But what about the costs? The second point is that the question of the efficient scale for banks has never been satisfactorily addressed so far as I can tell. How much efficiency would be lost if we cut the largest bank into two independent pieces? If the answer is zero, or very little, then we should break these banks up. After all, their large size gives them considerable political clout, enough that they have the ability to influence legislation and regulation on their behalf. That gives large banks an economic advantage that they shouldn't have. If there is no cost to breaking them up, and if it helps to reduce their economic and political power, power that gives then an advantage over their smaller rivals, then we should do so.
Third, I am not convinced that traditional antitrust law could not have been applied in many instances. I fully agree that existing anti-trust law was not comprehensive enough, and that new legislation was needed. But I also believe that some markets were highly concentrated economically so that traditional law would have applied, and that this concentration was the source of the systemic risk (AIG and insurance markets come to mind here).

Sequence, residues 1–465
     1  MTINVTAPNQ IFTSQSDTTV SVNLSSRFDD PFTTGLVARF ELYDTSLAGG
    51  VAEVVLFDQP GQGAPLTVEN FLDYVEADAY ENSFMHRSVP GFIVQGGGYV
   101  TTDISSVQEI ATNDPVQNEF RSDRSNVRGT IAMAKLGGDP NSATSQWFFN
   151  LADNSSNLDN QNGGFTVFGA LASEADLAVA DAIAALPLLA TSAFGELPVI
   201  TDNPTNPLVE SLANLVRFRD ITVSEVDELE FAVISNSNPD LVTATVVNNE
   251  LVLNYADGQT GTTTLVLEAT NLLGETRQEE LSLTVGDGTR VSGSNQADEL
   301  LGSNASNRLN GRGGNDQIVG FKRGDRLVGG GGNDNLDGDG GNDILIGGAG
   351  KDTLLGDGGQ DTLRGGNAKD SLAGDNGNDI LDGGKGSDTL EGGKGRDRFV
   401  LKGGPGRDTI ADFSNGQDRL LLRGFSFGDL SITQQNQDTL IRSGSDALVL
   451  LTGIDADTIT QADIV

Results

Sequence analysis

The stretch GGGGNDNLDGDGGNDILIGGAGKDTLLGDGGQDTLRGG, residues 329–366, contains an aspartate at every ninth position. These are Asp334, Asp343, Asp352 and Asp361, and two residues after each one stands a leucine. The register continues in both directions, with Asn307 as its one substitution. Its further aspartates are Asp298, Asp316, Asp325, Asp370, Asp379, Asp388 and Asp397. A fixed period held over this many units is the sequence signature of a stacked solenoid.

This is why I think the point about leadership is essential. We have been through several decades where the prevailing attitude among those with the power to affect pubic opinion and, more importantly, to affect the enforcement of anti-trust law was that markets could take care of themselves. The build up of market power was not something to worry about, market forces would solve the problem, or so it was believed. This belief allowed economic power and the political power that comes with it to become far too concentrated, and market forces did not counteract this tendency. The power is now entrenched and difficult to dislodge. We need leadership to change this, and if the financial sector is the opening salvo in that effort, I'm all for it. But I suspect the actual implementation of both new and old laws designed to curtail economic and political power will, in the end, come up far short of what many of us are hoping for.
Posted by Mark Thoma on Wednesday, July 14, 2010 at 02:25 PM in Economics, Market Failure, Regulation |